A fighter jet flying through eastern Libya crashed dramatically in the city of Tobruk on Tuesday, killing the pilot and at least one small boy.
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According to theLibya Herald, it is not clear why the MiG-21 fighter jet crashed, but the cause of the accident is suspected to be some kind of mechanical failure.
Image grab taken from a video uploaded on YouTube by user@Conflict NewsImage grab taken from a video uploaded on YouTube by user@Conflict News
In a video recording of the incident, viewers can see the jet fly extremely close to the person filming, who was seemingly located on a rooftop in Tobruk. Afterwards, it flies back up in the air before nearly nose-diving as it comes crashing towards the ground. The powerful impact causes a huge explosion and plumes of black smoke to ascend into the sky.
The pilot has been identified as Rafa Al-Farani from Benghazi, though he was living in Tobruk with his family at the time of the accident.
The exact death toll of the incident is also unclear, as there are conflicting reports concerning the crash. Reuters reported that three people died, but AFP is reporting two deaths – the pilot and the young boy. Several people were injured.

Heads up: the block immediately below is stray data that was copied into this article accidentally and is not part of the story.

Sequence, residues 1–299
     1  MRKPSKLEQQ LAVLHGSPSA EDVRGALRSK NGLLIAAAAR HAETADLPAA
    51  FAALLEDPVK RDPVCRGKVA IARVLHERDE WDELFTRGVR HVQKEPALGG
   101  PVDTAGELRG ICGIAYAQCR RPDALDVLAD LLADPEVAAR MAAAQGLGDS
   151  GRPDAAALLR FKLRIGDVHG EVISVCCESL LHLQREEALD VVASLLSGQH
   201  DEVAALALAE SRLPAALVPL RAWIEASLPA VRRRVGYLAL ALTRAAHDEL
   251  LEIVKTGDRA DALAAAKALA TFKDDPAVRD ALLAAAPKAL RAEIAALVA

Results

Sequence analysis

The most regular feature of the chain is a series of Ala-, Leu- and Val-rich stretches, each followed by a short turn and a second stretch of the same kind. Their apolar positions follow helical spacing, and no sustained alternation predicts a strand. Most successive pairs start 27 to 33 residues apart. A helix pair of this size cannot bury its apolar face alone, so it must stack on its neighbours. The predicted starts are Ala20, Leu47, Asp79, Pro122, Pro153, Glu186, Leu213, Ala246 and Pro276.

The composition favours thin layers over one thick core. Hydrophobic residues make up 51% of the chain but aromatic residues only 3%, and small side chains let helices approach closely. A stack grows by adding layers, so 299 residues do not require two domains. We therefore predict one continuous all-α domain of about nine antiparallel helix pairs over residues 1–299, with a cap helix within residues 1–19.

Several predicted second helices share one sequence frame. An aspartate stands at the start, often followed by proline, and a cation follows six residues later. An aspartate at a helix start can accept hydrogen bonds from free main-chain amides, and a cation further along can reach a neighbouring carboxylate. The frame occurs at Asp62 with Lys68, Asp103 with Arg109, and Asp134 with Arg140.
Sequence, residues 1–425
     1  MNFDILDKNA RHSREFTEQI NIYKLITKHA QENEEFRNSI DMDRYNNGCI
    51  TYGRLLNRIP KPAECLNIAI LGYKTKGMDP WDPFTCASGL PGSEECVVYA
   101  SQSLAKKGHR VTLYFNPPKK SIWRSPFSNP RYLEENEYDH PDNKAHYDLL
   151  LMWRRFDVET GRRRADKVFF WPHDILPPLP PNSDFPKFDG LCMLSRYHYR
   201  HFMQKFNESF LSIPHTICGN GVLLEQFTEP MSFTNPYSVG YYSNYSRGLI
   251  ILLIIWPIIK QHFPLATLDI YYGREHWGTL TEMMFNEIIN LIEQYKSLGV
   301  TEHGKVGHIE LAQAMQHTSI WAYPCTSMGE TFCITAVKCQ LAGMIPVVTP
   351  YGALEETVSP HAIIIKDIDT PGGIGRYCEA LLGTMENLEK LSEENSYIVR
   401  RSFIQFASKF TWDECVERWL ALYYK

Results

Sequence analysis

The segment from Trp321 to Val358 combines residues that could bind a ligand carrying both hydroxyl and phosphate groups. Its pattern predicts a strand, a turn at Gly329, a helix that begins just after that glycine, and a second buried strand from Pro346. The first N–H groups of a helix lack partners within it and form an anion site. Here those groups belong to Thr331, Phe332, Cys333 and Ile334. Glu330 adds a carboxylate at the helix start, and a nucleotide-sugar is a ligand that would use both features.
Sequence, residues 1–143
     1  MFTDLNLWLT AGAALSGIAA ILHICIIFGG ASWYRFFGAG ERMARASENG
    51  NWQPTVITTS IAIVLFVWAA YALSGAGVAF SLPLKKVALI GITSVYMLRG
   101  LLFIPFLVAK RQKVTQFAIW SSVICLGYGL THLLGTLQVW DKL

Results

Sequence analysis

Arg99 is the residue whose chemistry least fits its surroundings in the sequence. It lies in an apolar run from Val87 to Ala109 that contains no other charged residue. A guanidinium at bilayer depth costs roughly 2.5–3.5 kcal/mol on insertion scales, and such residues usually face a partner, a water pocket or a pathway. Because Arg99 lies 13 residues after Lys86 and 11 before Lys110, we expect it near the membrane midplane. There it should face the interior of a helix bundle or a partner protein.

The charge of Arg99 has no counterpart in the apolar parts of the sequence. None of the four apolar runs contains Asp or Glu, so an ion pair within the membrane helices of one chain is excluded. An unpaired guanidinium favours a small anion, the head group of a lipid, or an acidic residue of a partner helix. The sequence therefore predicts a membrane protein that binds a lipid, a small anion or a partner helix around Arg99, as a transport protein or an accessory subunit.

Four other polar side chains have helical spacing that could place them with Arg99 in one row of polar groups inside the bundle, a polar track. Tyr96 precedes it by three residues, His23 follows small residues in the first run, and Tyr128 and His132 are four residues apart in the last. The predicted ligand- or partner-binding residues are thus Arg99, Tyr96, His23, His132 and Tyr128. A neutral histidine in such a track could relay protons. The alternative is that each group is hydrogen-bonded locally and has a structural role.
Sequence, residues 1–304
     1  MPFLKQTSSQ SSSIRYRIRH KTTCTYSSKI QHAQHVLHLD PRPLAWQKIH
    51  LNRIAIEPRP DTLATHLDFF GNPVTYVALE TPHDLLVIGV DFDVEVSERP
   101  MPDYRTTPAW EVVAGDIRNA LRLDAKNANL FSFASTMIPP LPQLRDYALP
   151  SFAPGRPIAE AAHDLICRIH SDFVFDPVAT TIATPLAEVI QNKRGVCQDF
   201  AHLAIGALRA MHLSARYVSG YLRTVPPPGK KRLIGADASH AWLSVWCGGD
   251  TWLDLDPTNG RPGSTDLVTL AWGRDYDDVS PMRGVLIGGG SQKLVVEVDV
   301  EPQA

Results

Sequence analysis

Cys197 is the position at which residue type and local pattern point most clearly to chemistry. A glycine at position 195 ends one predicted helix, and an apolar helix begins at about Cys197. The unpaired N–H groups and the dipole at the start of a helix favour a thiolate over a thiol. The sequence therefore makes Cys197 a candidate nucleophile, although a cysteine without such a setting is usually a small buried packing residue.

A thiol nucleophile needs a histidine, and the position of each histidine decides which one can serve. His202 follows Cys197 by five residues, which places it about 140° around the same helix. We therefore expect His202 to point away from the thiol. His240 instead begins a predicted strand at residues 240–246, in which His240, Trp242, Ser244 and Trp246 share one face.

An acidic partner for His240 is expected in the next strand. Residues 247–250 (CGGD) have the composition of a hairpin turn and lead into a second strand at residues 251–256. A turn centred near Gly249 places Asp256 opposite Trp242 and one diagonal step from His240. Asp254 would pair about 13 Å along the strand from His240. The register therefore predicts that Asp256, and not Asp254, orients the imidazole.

Tragically, the fighter jet crashed as it was performing in a memorial ceremony for another pilot, Ibrahim Al-Manifi, who was also killed in a plane crash just a few days ago. Although Operation Dignity – the military campaign against the Al-Qaeda-linked Ansar al-Sharia, led by rogue Libyan general Khalifa Haftar – said Al-Manifi’s death was an accident, militants claim they shot the plane down themselves.
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In July, the extremist group declared Benghazi an “Islamic Emirate” and claimed it had taken total control of the city, including its military barracks stocked with rockets and other ammunition.
About one month later, Islamist forces of the Libyan Dawn coalition claimed they had taken over Tripoli airport – a development that marked a significant setback for nationalist fighters who had control of the facility since the fall of Muammar Gaddafi in 2011.